We are a Computational Creativity research group, committed to investigating the technical, philosophical, societal and commercial issues that arise in this fascinating field. A working definition of Computational Creativity from this paper is as follows:

We’re a very practical group, and the majority of our research relies on building software prototypes which take on creative responsibilities in one way or another. These prototypes produce artefacts and are therefore makers … and this makes us the meta-makers of course!

Within the context of the EC-funded GRO project, where the focus is on digital games, our three main aims are to:

  • Show that Computational Creativity research is ready for the next level whereby creative software affects people’s lives in positive ways.
  • Democratise game design so that anyone, regardless of their background can produce interesting and engaging digital games.
  • Promote videogames as the most interesting art form of the 21st Century and to present game design as an important creative activity.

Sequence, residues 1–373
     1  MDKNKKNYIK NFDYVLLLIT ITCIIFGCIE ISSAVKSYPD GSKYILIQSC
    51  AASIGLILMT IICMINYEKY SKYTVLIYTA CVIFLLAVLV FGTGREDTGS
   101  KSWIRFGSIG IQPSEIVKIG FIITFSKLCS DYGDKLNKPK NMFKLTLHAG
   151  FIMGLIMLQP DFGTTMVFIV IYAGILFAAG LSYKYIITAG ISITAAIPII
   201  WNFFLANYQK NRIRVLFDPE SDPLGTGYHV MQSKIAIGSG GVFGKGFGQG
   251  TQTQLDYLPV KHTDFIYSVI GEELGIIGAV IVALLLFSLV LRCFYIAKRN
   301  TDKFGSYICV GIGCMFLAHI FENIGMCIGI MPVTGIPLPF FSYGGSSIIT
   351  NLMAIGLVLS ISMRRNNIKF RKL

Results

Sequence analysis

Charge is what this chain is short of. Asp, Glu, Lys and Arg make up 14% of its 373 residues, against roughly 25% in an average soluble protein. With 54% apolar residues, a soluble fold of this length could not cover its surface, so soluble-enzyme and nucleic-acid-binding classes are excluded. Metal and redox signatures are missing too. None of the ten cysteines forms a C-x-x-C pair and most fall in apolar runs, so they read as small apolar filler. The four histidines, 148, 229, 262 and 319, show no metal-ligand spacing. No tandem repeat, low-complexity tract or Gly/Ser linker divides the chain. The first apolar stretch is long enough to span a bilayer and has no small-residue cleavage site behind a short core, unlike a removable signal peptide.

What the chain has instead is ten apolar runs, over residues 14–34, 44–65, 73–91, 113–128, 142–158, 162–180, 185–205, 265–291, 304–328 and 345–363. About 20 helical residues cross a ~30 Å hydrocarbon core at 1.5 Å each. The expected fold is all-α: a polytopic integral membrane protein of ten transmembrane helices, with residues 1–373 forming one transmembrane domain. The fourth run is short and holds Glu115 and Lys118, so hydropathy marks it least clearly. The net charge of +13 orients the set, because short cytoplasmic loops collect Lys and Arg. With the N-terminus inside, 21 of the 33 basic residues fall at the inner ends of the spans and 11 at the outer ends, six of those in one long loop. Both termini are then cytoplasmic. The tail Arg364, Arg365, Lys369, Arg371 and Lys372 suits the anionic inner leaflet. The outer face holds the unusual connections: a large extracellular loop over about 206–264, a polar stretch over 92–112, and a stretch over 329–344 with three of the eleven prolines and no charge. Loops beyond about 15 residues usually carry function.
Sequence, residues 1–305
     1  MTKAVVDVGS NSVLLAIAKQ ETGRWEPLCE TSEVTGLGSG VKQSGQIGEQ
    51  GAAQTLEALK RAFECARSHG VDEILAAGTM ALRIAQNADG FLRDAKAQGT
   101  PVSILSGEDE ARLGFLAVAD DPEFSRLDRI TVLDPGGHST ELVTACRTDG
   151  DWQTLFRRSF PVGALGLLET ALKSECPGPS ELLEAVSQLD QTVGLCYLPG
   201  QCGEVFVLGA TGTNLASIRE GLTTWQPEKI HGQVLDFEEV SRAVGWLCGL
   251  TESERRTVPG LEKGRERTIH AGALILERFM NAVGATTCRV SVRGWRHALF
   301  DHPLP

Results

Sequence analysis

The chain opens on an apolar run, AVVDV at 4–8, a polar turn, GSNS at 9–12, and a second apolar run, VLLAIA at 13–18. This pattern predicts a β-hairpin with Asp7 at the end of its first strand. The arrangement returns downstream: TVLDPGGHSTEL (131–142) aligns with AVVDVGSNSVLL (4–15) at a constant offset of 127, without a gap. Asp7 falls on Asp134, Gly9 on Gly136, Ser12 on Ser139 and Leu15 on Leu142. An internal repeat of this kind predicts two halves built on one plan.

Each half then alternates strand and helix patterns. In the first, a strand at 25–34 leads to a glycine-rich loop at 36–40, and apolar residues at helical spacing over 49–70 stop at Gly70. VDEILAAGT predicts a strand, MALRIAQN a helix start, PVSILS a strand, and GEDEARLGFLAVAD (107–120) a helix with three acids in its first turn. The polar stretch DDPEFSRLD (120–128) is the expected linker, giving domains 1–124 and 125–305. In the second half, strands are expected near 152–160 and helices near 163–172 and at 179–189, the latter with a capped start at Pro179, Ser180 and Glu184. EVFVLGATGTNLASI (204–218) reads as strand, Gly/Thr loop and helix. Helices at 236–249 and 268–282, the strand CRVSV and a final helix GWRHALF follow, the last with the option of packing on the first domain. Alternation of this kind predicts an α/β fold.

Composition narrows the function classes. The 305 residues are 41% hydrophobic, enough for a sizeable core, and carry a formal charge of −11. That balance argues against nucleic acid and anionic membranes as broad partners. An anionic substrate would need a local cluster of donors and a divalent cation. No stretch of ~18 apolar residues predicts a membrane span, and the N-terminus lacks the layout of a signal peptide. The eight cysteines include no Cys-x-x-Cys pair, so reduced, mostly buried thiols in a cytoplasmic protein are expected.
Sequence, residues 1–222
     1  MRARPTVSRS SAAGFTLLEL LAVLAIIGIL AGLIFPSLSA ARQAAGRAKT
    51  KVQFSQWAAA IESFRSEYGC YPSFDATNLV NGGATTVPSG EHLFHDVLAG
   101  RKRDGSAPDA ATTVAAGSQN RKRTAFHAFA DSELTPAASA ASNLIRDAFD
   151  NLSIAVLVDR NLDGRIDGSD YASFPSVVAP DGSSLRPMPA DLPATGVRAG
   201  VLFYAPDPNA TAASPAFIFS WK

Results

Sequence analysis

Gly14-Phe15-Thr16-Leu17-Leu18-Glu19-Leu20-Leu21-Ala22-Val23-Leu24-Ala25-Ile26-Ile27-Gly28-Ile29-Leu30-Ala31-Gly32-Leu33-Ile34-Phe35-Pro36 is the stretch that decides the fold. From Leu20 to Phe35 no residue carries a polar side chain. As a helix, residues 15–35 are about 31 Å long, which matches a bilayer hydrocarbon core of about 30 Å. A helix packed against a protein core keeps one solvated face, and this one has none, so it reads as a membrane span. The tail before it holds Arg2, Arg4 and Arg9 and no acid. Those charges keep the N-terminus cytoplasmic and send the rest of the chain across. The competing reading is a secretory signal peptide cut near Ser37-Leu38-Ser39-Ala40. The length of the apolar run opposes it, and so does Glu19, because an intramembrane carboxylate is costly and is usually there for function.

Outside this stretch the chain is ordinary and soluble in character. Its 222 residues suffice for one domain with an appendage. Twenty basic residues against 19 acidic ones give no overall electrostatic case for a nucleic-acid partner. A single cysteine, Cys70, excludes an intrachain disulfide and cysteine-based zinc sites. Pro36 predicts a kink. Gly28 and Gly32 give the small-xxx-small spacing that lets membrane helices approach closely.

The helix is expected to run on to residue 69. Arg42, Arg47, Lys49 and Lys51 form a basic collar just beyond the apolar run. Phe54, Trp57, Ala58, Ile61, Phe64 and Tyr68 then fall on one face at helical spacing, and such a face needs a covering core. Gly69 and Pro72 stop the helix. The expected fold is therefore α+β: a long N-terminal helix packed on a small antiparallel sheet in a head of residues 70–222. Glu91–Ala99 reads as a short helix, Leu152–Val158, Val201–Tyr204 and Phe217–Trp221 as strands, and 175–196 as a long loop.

To achieve these aims, we are developing software for advanced procedural content generation in games. In one strand of research, we are using these techniques to enable people to efficiently construct games with the software acting as a creative collaborator. In another strand, we are using the techniques to enable the automated generation of entire games, where the software acts as an autonomous game designer. We use our practical research in addition to scholarly study in order to blur the lines between video games and other culturally important art forms, and to perform outreach to people who wouldn’t normally be able to write games.